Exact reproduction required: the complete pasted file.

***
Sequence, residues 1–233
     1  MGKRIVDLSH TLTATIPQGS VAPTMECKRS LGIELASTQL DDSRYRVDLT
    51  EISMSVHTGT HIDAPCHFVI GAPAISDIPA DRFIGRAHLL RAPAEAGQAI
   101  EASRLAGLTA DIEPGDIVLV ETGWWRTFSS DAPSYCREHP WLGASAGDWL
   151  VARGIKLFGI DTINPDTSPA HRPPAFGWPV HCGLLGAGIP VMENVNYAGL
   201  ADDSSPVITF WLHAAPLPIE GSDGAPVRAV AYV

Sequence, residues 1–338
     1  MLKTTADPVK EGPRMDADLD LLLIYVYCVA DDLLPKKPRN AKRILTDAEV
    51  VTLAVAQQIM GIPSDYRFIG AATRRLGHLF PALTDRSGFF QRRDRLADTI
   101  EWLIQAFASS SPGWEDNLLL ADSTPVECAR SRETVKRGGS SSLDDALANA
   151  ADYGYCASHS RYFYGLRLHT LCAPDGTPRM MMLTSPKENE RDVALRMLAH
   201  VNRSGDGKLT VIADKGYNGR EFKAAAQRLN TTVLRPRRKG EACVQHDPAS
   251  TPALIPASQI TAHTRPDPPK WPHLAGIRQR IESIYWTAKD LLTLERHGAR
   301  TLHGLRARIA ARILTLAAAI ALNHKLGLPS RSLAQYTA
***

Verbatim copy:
Sequence, residues 1–233
     1  MGKRIVDLSH TLTATIPQGS VAPTMECKRS LGIELASTQL DDSRYRVDLT
    51  EISMSVHTGT HIDAPCHFVI GAPAISDIPA DRFIGRAHLL RAPAEAGQAI
   101  EASRLAGLTA DIEPGDIVLV ETGWWRTFSS DAPSYCREHP WLGASAGDWL
   151  VARGIKLFGI DTINPDTSPA HRPPAFGWPV HCGLLGAGIP VMENVNYAGL
   201  ADDSSPVITF WLHAAPLPIE GSDGAPVRAV AYV

Sequence, residues 1–338
     1  MLKTTADPVK EGPRMDADLD LLLIYVYCVA DDLLPKKPRN AKRILTDAEV
    51  VTLAVAQQIM GIPSDYRFIG AATRRLGHLF PALTDRSGFF QRRDRLADTI
   101  EWLIQAFASS SPGWEDNLLL ADSTPVECAR SRETVKRGGS SSLDDALANA
   151  ADYGYCASHS RYFYGLRLHT LCAPDGTPRM MMLTSPKENE RDVALRMLAH
   201  VNRSGDGKLT VIADKGYNGR EFKAAAQRLN TTVLRPRRKG EACVQHDPAS
   251  TPALIPASQI TAHTRPDPPK WPHLAGIRQR IESIYWTAKD LLTLERHGAR
   301  TLHGLRARIA ARILTLAAAI ALNHKLGLPS RSLAQYTA